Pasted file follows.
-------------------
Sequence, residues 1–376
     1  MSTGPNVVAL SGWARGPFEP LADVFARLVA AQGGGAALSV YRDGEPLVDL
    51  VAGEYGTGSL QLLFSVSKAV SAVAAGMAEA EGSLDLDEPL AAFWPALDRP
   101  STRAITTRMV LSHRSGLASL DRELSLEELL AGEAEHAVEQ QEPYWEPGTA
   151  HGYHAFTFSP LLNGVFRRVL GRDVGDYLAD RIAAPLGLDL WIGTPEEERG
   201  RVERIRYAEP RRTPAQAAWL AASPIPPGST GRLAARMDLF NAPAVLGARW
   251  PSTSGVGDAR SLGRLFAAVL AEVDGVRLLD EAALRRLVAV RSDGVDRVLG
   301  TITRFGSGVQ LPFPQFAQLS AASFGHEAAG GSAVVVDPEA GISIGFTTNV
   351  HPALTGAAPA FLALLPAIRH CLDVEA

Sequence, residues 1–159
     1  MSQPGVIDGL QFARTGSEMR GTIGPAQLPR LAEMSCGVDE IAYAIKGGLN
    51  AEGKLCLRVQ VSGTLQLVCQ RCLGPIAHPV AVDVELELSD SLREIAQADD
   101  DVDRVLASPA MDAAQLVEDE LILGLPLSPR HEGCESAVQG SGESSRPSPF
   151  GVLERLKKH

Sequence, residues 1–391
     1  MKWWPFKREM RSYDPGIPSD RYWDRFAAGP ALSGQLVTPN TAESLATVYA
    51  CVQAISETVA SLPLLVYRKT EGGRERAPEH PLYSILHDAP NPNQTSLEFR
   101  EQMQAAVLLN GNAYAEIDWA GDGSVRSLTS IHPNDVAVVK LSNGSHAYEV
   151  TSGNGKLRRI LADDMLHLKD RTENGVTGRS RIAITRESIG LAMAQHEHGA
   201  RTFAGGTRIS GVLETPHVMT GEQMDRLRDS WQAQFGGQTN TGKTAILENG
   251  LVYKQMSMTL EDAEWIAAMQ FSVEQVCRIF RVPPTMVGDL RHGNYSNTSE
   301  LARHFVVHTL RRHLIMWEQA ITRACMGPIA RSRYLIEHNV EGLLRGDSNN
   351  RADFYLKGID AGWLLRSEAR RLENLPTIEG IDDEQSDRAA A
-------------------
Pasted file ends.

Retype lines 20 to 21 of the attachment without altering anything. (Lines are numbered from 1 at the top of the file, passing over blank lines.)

   201  RTFAGGTRIS GVLETPHVMT GEQMDRLRDS WQAQFGGQTN TGKTAILENG
   251  LVYKQMSMTL EDAEWIAAMQ FSVEQVCRIF RVPPTMVGDL RHGNYSNTSE